First Steps As A Permanent Resident (9/10)

The Canadian Parliament In Ottawa

The Cana­dian Par­lia­ment In Ottawa

Wel­come to my new series, “How to immi­grate to Canada“!

I recently received quite a lot of emails, ask­ing me ques­tions about the immi­gra­tion process. So I decided to explain the whole process in 10 posts, which will be pub­lished every Saturday.

I also encour­age you to ask any ques­tion you may have. I’m not an immi­gra­tion con­sul­tant, but from expe­ri­ence, I may be able to point you to the right direction!

In the series, we will see the dif­fer­ent options you have to come to Canada, as well as your rights and duties as a Per­ma­nent Res­i­dent, what hap­pens after you arrive etc.

After you become a landed immi­grant, you must apply for three very impor­tant pieces of IDs: a per­ma­nent res­i­dent card, a SIN card and a health card.

The Per­ma­nent Res­i­dent Card

This card will be the eas­i­est to obtain, because you don’t need to apply for it! Once you become a landed immi­grant, the offi­cer at the entry point will ask you for an address and you will receive the card auto­mat­i­cally, free of charge. And that’s it!

The Per­ma­nent Res­i­dence card is the proof of your sta­tus in Canada. It expires every five year.

You SIN Card

A Social Insur­ance Num­ber (SIN) is a 9 digit num­ber issued by the Cana­dian gov­ern­ment that you need to work in Canada. It is very impor­tant that you apply for your Social Insur­ance Num­ber card as soon as you can.

You may apply for a SIN card at any Ser­vice Canada cen­ter. Per­ma­nent Res­i­dents in Canada will need:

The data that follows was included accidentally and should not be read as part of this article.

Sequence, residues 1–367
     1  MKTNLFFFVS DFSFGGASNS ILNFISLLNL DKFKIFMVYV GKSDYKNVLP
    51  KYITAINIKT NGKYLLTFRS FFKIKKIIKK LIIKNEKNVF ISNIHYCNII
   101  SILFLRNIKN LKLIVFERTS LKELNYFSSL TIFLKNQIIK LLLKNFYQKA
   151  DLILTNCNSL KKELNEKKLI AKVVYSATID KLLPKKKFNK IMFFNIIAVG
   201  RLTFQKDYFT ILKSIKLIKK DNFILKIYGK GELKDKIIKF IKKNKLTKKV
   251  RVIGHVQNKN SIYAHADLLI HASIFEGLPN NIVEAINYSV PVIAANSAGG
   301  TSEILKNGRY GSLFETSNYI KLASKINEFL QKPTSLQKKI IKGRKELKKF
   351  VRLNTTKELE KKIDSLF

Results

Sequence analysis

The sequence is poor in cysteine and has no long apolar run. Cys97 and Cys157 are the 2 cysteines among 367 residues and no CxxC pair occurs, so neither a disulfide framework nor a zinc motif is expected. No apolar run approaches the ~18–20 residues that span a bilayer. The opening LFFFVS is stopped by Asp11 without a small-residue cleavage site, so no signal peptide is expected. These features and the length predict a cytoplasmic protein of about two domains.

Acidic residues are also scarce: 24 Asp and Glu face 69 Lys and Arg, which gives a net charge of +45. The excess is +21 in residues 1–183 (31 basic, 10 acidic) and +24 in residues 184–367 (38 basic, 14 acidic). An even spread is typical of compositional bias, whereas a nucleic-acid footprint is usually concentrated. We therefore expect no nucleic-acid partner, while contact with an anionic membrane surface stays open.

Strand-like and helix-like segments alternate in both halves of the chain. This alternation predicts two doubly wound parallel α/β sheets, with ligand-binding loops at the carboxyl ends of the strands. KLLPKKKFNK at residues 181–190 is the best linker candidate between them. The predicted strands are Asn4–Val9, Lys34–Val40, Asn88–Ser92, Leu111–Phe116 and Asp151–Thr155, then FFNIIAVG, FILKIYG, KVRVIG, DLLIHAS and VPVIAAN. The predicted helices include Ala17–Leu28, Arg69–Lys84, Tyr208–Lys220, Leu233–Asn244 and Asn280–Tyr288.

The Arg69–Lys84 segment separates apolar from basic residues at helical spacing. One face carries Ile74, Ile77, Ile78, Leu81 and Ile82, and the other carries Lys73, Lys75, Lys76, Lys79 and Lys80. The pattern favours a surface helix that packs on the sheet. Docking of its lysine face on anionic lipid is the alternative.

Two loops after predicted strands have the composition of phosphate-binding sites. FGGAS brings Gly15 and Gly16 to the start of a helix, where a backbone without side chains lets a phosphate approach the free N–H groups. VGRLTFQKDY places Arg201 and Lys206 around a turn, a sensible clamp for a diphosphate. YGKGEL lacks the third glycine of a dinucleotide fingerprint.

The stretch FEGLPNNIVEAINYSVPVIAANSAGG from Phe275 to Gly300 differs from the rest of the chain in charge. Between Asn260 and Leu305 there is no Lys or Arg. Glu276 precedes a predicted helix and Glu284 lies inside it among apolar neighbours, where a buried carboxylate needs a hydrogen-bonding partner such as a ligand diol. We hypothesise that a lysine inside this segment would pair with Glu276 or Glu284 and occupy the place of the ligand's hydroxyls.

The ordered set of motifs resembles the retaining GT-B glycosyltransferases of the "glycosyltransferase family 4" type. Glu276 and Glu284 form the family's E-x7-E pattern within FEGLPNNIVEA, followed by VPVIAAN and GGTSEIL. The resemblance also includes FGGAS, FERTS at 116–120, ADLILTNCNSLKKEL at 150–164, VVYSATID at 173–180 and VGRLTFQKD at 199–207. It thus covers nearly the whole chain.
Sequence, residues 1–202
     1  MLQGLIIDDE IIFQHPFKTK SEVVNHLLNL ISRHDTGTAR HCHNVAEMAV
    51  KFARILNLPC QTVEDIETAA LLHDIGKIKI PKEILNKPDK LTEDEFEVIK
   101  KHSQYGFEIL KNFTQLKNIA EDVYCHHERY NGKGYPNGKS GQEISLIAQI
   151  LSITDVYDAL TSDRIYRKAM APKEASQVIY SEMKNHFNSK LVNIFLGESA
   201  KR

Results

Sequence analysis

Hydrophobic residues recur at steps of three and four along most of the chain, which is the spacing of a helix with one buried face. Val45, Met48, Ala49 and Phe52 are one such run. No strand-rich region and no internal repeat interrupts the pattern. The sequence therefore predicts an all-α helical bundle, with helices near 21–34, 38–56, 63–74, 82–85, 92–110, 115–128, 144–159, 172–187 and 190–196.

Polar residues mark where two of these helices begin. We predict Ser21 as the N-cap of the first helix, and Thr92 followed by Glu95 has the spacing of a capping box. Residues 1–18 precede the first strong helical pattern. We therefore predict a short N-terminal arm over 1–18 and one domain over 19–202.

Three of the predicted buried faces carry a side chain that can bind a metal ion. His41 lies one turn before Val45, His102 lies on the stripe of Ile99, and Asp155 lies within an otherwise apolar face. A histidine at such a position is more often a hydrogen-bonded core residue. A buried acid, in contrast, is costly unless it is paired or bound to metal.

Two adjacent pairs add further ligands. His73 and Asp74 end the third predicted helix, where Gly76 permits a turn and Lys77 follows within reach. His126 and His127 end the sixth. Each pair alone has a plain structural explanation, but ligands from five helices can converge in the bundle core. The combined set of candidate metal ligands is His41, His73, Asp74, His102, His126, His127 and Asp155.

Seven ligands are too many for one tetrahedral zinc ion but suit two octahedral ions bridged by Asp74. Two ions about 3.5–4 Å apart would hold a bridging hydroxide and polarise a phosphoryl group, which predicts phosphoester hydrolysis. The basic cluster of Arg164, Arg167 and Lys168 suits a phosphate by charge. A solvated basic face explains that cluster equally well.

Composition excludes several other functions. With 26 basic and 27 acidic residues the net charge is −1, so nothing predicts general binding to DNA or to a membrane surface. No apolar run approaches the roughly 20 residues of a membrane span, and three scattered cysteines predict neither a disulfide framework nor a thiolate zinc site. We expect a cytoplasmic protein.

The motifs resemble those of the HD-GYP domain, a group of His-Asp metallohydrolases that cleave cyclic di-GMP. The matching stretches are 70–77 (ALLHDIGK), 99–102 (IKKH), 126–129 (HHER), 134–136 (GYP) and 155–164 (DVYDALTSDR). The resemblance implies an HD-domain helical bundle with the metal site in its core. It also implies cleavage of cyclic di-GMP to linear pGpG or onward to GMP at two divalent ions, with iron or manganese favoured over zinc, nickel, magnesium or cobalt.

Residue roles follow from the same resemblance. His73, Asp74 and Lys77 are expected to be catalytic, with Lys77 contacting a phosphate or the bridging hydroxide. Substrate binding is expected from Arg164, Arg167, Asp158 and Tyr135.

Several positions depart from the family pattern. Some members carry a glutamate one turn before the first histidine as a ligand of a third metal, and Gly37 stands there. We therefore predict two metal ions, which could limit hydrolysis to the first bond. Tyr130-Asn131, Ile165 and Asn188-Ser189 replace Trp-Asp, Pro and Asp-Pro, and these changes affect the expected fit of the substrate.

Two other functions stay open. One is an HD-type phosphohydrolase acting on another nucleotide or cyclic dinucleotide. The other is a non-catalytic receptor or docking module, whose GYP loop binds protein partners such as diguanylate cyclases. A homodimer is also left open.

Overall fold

• The Per­ma­nent Res­i­dent Card issued by Cit­i­zen­ship and Immi­gra­tion Canada, or
  • The Con­fir­ma­tion of Per­ma­nent Res­i­dence and visa coun­ter­foil affixed to your passport

You will receive a SIN num­ber right away if you apply in per­son. You will then receive the card by mail within ten days.

You may also apply by mail, by down­load­ing the appli­ca­tion form and send­ing the sup­port­ing doc­u­ments. It will take about 15 busi­ness days.

There is no fee to apply for a SIN num­ber and to get a first SIN card.

Be aware that iden­tity thief is a seri­ous prob­lem, so take care of your SIN num­ber. Only pro­vide you SIN num­ber when it is legally required, for exam­ple, by your employer, finan­cial insti­tu­tions and tax ser­vices. You do not have to give your SIN num­ber to com­plete a job appli­ca­tion, or to apply for credit cards. See “who can ask for my SIN and when don’t I have to pro­vide my SIN num­ber?“.

The Health Card

Health Cards are issued by the provin­cial or ter­ri­to­r­ial gov­ern­ment and allow access to insured health care ser­vices. Each province or ter­ri­tory man­ages its own health sys­tem, so if you live in Ontario, you must deal with Min­istry of Health and Long-Term Care, if you live in Man­i­toba you will deal with Man­i­toba Health etc. To find out which min­istry you need to deal with, check out the list here.

Because this is a provin­cial mat­ter, reg­u­la­tions and require­ment vary. Gen­er­ally speak­ing, as a per­ma­nent res­i­dent, you are enti­tled to a range of health care ser­vices paid for by your provin­cial health min­istry. Typ­i­cally hos­pi­tal­iza­tions, surg­eries, vis­its to your gen­eral prac­ti­tioner, emer­gency vis­its etc. are cov­ered, which means that you just have to show your health card when using the ser­vices, and that you will not pay. Ser­vices which are not gen­er­ally cov­ered are eye exams, den­tistry and cos­metic surgery. If you wish to be cov­ered for addi­tional ser­vices, you may buy pri­vate health insurance.

Every­one must have their own health cards, includ­ing babies.

Note that you may not be eli­gi­ble for health care right after you arrive. Some provinces require a wait­ing period, dur­ing which you will not be cov­ered. For exam­ple, in Ontario, cov­er­age nor­mally becomes effec­tive three months after the date you estab­lish res­i­dency in the province. New and return­ing res­i­dents are encour­aged to pur­chase pri­vate health insur­ance in case you become ill dur­ing the wait­ing period.